The Steven J. Ostro Memorial Symposium on Planetary Radar and Near-Earth Objects
by David Seal
he non e impresa da pigliare a gabbo iscriver fondo a tutto l'universo, e da lingua che chiami mamma o babbo. a quelle donne aiutino il mio verso... i che dal fatto il dir non sia diverso.
To talk about the bottom of the universe he way it truly is, is no child's play, o task for tongues that gurgle baby-talk. ut may those heavenly ladies aid my verse... hat my words may tell exactly what I saw.
I'm a fan of the movie "Joe Versus the Volcano". It slipped by sort of unnoticed, as just another fanciful romantic comedy (most of which I detest) way back yonder in 1990, despite starring Tom Hanks and Meg Ryan, and screenwriting by John Patrick Shanley. Shanley has won an Oscar (Moonstruck) and a Pulitzer (Doubt). There's a very short list of people who have won both a Pulitzer and an Academy Award. (Doubt has won just about everything else, as well.)
Anyway, there's a scene early in the movie which pretty much captures the spirit of the film, where Meg Ryan says to Tom Hanks:
y father says almost the whole world's asleep. verybody you know, everybody you see, everybody you talk to. e says only a few people are awake. nd they live in a state of constant and total amazement.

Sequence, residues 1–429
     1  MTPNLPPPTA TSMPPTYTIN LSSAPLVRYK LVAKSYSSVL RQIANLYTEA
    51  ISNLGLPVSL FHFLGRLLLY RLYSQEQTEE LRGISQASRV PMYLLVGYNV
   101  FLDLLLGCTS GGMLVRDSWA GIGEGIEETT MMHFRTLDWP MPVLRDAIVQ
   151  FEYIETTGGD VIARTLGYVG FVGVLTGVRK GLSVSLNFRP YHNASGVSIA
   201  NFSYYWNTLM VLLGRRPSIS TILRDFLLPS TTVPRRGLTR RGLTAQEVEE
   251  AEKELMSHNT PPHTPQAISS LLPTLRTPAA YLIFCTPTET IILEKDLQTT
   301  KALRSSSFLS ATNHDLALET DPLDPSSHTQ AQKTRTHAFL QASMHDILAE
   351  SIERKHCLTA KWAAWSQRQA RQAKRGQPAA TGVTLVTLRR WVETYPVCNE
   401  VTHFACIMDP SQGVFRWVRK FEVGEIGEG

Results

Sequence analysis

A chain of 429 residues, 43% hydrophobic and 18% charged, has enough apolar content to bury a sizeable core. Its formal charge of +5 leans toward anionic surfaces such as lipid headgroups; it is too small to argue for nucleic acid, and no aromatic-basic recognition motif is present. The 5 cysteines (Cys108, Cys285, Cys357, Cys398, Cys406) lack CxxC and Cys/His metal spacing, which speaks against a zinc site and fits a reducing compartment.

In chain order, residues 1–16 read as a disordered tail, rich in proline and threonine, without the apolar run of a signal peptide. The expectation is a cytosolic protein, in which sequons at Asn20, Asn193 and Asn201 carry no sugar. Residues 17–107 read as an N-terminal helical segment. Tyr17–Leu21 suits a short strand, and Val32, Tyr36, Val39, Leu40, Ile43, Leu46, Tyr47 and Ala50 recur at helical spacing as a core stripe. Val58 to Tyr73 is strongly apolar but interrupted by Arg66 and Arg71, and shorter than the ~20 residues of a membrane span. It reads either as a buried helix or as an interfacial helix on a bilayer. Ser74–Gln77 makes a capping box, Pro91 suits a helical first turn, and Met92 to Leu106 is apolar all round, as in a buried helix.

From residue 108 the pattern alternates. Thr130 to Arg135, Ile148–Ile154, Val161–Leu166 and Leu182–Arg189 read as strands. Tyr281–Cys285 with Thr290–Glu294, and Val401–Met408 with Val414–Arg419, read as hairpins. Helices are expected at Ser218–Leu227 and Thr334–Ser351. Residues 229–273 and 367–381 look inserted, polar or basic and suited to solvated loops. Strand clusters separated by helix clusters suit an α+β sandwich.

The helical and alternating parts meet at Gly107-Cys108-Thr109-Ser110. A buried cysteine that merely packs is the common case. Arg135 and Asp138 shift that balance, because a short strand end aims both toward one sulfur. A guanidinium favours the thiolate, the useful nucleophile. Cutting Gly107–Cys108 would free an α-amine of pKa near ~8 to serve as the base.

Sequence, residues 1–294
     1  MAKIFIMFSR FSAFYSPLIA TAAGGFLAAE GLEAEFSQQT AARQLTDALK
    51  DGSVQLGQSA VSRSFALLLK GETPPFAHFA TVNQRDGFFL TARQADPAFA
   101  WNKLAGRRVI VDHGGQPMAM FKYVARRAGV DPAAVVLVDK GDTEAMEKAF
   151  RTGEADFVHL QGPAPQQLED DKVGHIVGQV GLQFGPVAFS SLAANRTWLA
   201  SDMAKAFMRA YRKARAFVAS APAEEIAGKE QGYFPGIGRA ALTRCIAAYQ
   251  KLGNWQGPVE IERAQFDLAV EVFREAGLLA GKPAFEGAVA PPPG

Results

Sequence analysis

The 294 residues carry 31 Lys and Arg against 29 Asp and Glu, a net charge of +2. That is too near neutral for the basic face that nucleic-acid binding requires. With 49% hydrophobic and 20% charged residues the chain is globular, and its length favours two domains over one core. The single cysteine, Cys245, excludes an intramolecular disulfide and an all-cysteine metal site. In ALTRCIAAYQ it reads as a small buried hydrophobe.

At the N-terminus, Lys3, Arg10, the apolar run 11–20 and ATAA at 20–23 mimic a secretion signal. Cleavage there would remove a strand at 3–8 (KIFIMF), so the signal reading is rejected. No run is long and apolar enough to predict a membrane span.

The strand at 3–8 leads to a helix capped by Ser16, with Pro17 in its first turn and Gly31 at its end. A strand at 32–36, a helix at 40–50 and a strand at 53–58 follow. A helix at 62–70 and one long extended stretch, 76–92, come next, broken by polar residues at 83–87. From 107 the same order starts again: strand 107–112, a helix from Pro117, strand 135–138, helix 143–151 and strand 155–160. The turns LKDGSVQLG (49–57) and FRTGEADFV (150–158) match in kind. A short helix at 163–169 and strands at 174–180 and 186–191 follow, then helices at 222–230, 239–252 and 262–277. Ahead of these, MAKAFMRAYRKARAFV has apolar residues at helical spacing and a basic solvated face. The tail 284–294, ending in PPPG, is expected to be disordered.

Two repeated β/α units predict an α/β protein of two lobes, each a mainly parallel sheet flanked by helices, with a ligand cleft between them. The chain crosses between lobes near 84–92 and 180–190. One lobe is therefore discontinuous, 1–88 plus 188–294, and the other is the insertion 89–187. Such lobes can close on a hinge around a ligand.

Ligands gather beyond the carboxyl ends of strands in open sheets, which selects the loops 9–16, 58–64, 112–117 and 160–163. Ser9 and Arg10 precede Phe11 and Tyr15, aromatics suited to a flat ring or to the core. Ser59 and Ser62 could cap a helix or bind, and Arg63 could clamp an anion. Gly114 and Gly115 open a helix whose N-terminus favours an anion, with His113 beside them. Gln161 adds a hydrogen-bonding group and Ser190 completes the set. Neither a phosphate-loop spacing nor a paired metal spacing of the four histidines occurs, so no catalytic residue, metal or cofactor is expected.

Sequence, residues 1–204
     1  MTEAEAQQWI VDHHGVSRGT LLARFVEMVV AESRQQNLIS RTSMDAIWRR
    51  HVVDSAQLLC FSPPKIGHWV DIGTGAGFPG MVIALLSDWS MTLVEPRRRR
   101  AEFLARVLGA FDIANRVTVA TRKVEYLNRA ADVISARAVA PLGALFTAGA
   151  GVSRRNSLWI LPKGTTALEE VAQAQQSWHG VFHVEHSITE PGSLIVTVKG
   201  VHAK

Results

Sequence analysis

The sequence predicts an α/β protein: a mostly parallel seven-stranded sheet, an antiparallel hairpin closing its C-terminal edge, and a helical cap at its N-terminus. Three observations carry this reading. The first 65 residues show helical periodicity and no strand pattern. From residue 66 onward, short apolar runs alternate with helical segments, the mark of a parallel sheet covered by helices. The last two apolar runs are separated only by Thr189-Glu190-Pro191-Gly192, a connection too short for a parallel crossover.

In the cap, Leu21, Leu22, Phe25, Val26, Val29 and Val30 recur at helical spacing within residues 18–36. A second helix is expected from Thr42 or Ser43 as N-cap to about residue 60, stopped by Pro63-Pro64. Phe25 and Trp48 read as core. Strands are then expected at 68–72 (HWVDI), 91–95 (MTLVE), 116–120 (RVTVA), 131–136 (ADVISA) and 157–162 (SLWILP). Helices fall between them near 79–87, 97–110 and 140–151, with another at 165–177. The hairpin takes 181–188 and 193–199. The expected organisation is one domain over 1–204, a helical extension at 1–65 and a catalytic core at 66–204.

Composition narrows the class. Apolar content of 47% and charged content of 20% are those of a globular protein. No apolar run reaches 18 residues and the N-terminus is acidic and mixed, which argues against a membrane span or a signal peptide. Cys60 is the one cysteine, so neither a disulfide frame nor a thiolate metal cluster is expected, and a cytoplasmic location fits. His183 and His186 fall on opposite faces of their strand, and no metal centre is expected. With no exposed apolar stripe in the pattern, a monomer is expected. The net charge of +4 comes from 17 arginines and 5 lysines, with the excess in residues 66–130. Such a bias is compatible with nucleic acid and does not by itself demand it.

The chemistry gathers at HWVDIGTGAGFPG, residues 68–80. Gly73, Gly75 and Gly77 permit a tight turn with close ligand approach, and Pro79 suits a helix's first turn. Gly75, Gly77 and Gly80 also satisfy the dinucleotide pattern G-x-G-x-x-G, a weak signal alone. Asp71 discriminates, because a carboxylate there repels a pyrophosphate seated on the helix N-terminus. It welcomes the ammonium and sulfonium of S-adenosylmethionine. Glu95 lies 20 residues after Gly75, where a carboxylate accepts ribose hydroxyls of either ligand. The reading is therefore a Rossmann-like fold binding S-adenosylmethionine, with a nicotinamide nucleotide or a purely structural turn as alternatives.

It's quite a statement, and one that almost certainly put most people (myself included) on the defensive immediately. But this isn't my intention. I had the pleasure of attending part of the Steve Ostro symposium at JPL today, and based all of the testimonials mixed in with interesting science that his work enabled, and the fond stories shared during the meeting, I suspect Steve Ostro may have been awake most of the time. The meeting has certainly added to my happily long list of experiences in the field of science and engineering that have made me feel truly awake and alive, and privileged to be making a small contribution. I hope that Emily's blog helps engender a similar response in its readers, perhaps in small ways here and there. I certainly have memories of big thoughts being thunk (sic) at the eyepiece of my Dad's telescope years ago.
If you aren't familiar with Steve, you should pause for a moment and look at Emily's blog written back in December shortly after his death (http://www.planetary.org/blog/article/00001774) - or, the DPS in memorium (http://dps.aas.org/membership/in_memoriam/stevenostro). He was the principal pioneer in the use of Earth-based radar to study bodies in the Solar System, notably asteroids, and his work has made significant contributions in the study of near-earth objects which Bruce Betts blogged about here just a few weeks ago. As one of the speakers pointed out, solar system evolution is collisional evolution. The study of the small bodies of the solar system, which shed so much light on collisional behavior and processes, contributes directly to our fundamantal understanding of the universe.
Steven J. Ostro, 1946-2008